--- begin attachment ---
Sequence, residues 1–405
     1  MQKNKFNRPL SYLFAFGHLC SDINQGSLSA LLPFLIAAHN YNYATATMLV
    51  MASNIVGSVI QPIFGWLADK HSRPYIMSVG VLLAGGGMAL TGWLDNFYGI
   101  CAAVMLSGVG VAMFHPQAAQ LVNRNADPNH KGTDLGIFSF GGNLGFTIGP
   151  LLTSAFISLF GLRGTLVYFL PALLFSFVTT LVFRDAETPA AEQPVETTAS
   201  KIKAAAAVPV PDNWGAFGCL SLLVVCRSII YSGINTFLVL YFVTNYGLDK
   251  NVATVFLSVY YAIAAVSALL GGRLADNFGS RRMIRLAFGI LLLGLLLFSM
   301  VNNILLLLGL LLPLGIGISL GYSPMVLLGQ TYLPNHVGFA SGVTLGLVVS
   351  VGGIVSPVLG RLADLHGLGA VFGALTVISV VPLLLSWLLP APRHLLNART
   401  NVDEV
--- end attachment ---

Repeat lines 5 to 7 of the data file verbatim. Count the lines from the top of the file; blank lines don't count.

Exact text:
   151  LLTSAFISLF GLRGTLVYFL PALLFSFVTT LVFRDAETPA AEQPVETTAS
   201  KIKAAAAVPV PDNWGAFGCL SLLVVCRSII YSGINTFLVL YFVTNYGLDK
   251  NVATVFLSVY YAIAAVSALL GGRLADNFGS RRMIRLAFGI LLLGLLLFSM